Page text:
There is no law written against having tattoos as a worker or discrimination against them. However, in November of 2006, the court case of Robert V. Ward, found that employers can impose dress and appearance policies; this includes regulating tattoo displays, which provided the policies are handled in an equitable fashion. The results of this court case made it so that employers can enforce a dress code on their employees, including the cover of tattoos or removal of piercings while clocked in.
With this law in effect, business owners and managers have free range to deny a person of work, if they do not meet their company’s dress code. However, denying a person a job because they have tattoos and piercings is discrimination. Companies are allowed to decide if they want their employee’s tattoos to be covered up or not, which is easily done with long sleeves and pants. However, if a company has a uniform that the employees are required to wear, the company would deny work to a person with tattoos that would be exposed. Even if a person is fully qualified for the job, they could be denied work, due to the way they look, and that is discrimination.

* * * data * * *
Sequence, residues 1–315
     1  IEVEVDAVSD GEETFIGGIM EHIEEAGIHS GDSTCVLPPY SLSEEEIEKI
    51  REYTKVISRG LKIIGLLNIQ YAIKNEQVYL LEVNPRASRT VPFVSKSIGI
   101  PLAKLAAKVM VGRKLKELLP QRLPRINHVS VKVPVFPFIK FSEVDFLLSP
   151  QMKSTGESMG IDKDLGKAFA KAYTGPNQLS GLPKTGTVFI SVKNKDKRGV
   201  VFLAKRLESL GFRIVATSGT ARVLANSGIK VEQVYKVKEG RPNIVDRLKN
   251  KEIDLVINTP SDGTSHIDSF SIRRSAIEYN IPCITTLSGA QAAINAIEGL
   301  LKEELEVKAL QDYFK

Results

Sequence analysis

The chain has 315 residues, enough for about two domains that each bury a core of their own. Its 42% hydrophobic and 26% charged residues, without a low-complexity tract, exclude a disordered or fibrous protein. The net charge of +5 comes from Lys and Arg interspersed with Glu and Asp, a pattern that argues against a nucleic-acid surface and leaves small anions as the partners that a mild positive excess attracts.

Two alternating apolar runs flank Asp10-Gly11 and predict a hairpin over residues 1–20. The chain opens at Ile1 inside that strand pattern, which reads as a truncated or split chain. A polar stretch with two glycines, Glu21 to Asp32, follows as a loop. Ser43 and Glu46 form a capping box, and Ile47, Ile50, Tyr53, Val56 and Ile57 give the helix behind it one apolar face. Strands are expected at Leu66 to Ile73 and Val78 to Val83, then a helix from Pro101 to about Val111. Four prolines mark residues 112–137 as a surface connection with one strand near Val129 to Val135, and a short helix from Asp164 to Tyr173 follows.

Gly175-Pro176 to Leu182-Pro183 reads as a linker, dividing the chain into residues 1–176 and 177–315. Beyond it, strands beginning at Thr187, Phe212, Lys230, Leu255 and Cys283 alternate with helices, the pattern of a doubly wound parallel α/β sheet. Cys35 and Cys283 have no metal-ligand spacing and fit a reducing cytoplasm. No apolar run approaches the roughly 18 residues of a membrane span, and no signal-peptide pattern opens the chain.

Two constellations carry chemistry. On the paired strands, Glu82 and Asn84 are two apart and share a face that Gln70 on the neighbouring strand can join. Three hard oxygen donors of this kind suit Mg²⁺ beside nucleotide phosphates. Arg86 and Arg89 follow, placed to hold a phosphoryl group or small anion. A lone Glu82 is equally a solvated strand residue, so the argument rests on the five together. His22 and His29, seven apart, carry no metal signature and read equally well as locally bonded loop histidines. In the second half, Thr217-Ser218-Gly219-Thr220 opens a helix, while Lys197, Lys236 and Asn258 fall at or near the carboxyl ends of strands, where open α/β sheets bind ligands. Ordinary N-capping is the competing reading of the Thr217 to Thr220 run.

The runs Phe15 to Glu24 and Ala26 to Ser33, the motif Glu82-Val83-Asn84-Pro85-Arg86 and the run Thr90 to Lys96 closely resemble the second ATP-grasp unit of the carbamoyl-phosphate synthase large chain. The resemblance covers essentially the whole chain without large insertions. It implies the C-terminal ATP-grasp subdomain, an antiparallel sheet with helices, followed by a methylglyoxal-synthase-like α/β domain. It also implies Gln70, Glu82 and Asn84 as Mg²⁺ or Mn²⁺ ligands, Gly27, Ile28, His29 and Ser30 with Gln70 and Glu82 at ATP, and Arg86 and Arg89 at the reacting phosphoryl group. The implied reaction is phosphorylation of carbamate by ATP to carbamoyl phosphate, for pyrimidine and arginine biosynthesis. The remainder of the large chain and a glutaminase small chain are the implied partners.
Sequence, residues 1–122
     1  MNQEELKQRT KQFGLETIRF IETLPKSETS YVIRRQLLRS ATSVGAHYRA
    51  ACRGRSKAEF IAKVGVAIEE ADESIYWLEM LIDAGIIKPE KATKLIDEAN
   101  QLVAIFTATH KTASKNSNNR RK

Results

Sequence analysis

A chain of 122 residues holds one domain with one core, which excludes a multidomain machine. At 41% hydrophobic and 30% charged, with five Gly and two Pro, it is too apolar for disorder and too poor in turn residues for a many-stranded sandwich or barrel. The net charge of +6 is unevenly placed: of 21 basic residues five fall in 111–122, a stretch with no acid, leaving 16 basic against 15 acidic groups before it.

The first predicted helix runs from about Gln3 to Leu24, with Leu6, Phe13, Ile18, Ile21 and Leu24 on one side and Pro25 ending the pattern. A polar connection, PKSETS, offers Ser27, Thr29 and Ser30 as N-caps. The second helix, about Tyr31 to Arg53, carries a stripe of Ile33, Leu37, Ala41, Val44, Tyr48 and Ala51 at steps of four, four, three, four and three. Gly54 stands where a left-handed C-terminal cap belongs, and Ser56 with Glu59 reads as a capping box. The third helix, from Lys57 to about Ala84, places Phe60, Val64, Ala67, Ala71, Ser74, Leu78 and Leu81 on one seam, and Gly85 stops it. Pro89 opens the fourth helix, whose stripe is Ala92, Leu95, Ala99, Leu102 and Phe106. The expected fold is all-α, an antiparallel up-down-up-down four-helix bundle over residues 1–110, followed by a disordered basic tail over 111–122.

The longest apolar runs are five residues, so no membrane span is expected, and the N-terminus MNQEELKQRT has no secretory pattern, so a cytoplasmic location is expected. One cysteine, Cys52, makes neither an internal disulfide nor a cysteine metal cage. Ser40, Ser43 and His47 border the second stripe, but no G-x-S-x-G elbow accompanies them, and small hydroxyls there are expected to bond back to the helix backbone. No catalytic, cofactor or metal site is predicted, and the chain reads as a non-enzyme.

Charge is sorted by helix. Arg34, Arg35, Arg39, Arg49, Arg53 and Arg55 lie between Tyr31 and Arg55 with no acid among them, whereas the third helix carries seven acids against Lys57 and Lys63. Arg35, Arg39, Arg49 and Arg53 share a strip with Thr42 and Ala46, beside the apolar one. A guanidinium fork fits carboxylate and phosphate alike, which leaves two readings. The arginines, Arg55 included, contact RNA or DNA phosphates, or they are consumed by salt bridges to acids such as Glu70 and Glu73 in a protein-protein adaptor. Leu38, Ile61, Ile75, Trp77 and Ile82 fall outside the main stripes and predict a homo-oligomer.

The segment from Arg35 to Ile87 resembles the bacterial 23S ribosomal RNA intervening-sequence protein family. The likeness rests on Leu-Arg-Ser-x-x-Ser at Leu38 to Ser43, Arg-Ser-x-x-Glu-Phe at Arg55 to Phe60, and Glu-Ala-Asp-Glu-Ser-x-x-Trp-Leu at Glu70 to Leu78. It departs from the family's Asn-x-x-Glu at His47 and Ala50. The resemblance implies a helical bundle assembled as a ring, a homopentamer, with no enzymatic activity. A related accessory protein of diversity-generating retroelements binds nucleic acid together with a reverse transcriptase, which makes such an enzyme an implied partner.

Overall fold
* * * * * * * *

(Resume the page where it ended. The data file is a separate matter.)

Some companies that don’t allow their employees to have visible tattoos or piercings, varying from Bath and Body Works to Geico Insurance. Few companies allow tattoos that are non-offensive, but won’t allow facial piercings, such as Home Depot and PetSmart. Other companies, however, have even stricter rules where, as an employee, you are not allowed to have an unnatural hair color. An example of this is Chick-fil-a. Companies like these should not be allowed to deny a person the job due to what their body looks like. It is a person’s choice to put tattoos on their own body, color their hair, and get piercings, without having the fear of not getting hired for a job.